4. Giving legal advice – Only a licensed lawyer can give legal advice that pertains to information about legal rights and how to respond to different laws and statutes. Non-lawyers such as paralegals can provide legal information but not advice.

Attorney vs Lawyer: Comparing Definitions

Here are the differences between the lawyer vs attorney definition: 

Lawyer Attorney 
May or may not have a JD.Has a JD.
May or may not have fulfilled all the standard academic steps of becoming a legal practitioner.Has fulfilled all the standard academic steps of becoming a legal practitioner.
Passed the bar exam and obtained a practicing license.Passed the bar exam and received a practicing license.
If without a JD, can only sit for a bar exam in the states that allow people to take exams without a law degree.Can sit for a bar exam in more than one state or take an exam that pre-qualifies an individual to practice in multiple states. 
Gives legal advice and represents clients in court and any other action that entails law practice.Gives legal advice and represents clients in court and any other action that entails law practice.

How to Choose the Right Attorney for Your Case

To choose the right attorney for your case, consider:

  • License – Ensure that your attorney of choice is licensed to practice law in your state. Ask the attorney for a state bar number, so you can confirm their license and find any record of unethical behavior. 
  • Experience and specialization – Specialization and experience are the hallmarks of expertise. A specialized lawyer understands the nuances of applying the relevant legal matters and knows the best way to present your case. Generalists will lack the depths and the professional networks crucial in every legal issue.
  • Awards and accreditations – An attorney with a reputation for excellence has awards and accreditations to show for it. While in the early stages of engaging a lawyer, before officially contracting their services, ask or see whether there are any accreditations or awards listed on their website.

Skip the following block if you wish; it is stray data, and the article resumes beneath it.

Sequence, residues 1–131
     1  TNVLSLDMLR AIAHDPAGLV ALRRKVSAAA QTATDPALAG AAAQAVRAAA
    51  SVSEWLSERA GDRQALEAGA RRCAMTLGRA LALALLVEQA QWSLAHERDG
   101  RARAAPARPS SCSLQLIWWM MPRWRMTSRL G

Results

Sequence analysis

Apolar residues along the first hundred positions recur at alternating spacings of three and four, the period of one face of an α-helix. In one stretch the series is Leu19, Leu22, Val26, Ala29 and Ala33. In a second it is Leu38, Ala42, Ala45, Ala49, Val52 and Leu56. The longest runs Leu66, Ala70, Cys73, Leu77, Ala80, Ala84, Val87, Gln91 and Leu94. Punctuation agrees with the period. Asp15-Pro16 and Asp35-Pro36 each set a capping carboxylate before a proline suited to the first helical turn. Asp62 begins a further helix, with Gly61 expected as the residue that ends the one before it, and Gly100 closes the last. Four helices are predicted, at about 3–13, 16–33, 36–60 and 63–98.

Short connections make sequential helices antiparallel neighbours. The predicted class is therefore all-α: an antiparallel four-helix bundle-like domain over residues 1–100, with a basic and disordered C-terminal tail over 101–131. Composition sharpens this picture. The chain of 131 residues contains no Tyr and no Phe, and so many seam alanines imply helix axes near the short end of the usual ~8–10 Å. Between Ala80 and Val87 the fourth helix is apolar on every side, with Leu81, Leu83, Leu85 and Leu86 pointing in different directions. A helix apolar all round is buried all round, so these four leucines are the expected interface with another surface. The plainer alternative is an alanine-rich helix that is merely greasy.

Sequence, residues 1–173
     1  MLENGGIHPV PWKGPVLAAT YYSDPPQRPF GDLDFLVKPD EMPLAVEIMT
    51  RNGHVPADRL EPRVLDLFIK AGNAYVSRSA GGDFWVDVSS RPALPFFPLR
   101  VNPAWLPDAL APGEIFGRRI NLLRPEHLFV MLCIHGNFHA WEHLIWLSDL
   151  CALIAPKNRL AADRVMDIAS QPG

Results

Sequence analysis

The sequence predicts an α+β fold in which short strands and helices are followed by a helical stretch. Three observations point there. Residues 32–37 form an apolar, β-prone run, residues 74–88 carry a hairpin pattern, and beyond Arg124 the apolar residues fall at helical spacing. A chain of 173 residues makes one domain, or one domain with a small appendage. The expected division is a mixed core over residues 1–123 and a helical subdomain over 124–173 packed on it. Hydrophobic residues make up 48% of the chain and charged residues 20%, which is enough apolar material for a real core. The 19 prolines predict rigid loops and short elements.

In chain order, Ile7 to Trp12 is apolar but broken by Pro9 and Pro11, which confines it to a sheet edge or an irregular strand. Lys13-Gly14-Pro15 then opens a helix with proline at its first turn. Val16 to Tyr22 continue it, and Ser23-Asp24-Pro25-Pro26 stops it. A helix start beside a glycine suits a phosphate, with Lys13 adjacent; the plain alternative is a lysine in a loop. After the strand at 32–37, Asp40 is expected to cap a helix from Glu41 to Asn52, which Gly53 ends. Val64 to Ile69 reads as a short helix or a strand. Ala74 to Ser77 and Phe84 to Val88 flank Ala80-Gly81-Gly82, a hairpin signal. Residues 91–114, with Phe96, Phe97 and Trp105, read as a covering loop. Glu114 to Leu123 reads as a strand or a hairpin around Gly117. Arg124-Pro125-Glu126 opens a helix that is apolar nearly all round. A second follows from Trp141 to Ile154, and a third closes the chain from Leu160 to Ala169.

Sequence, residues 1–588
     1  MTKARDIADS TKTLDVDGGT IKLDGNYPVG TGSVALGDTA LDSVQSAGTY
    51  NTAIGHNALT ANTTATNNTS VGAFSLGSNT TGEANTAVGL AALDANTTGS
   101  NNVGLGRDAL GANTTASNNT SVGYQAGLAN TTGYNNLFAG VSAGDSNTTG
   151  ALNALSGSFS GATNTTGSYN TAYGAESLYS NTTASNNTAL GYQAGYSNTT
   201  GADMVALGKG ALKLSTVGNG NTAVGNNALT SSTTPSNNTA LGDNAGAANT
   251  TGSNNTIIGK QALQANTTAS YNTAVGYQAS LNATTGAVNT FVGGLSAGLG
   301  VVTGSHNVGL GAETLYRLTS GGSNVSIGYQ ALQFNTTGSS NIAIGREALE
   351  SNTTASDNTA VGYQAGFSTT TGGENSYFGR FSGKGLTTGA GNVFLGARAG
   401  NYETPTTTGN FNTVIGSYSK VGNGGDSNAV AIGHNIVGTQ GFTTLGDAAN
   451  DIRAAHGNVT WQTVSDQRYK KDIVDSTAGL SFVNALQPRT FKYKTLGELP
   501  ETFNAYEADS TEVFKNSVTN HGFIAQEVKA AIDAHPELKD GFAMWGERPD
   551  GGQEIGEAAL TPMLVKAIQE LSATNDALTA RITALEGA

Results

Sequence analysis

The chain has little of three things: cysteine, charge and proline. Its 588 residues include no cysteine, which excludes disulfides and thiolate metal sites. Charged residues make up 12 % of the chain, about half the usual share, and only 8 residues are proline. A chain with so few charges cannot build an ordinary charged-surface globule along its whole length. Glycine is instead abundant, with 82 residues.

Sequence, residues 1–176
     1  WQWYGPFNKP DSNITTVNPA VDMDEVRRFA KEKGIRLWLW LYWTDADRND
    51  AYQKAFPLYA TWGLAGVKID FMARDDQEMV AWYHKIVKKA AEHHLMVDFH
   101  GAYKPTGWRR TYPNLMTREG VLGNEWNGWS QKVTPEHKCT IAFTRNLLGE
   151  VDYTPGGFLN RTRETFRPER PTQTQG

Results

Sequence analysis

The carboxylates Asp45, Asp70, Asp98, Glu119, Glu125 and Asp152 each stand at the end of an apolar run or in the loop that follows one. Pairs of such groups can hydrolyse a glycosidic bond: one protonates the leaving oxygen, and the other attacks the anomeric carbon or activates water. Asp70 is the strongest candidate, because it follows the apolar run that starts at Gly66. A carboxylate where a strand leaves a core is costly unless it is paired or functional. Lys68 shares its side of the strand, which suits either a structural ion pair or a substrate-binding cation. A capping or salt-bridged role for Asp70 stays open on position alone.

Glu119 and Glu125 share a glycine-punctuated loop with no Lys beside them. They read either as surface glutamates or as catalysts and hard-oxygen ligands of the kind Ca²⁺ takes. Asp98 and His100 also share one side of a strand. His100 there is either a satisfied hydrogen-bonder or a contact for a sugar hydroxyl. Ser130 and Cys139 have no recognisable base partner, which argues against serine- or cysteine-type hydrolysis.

• Reviews Using directories like Lawrina, read reviews left by former clients. Avoid attorneys with negative reviews and complaints about their service.
Also read:What Do When My Lawyer Is Not Fighting For Me?

If you find yourself represented by a bad lawyer and feel that their legal services are not what you expected, there might be somethin...

Other Similar Law Terms

There are other terms used to refer to legal professionals. Some of such terms are 

  1. Trial lawyer – A trial lawyer handles either civil or criminal litigation cases. For civil cases, insurance companies and other liable parties offer settlements a trial lawyer negotiates to avoid going to trial. In criminal litigation, the trial lawyer does what is necessary to mount a defense, including contacting witnesses, jury selection, and representation in court. The trial lawyer works for the client’s best interest in both cases. 
  2. Counsel – Used in reference to an in-house legal professional whose main job is to give legal advice. 
  3. Esquire  (Esq.) – Esq. is an honorary term for a practicing lawyer and does not suggest any extra qualification. 
  4. Advocate – The term advocate is used in the same way as lawyer and attorney. The term does not refer to any additional legal qualifications. 
  5. Paralegal – Refers to legal professionals who provide legal information and may often work as an assistant to a lawyer. One does not need a legal degree to become a paralegal but is required to have some form of legal and paralegal training. 

Frequently Asked Questions

Should I say lawyer or attorney?

Either way, use the terms lawyer or attorney in reference to a qualified and licensed legal practitioner. 

Is an attorney higher than a lawyer?

No. You can use the two terms interchangeably. However, the title of attorney is more formal than the word lawyer. 

Are lawyers called attorneys?

Yes. Technically, there is no lawyer and attorney difference. The terms are synonymous. However, due to differences in state rules, some people attain a practicing certificate without going through all the academic prerequisites, such as attending a law school, and may refer to themselves as lawyers but not attorneys. 

Attorney vs Lawyer Meaning?

Both are terms used to refer to licensed legal practitioners. However, the term attorney is more formal than the title lawyer. 

Article by Sofi Ostymchuk

Sofi Ostymchuk is a Content Lead and Legal Writer at Lawrina. Sofi manages the content on the blog, communicates with contributors, looks for interesting topics, and creates articles in cooperation with lawyers and law experts. If you would like to be a blogger for Lawrina, you can contact S0fi for all the details via email at s.ostymchuk@lawrina.com.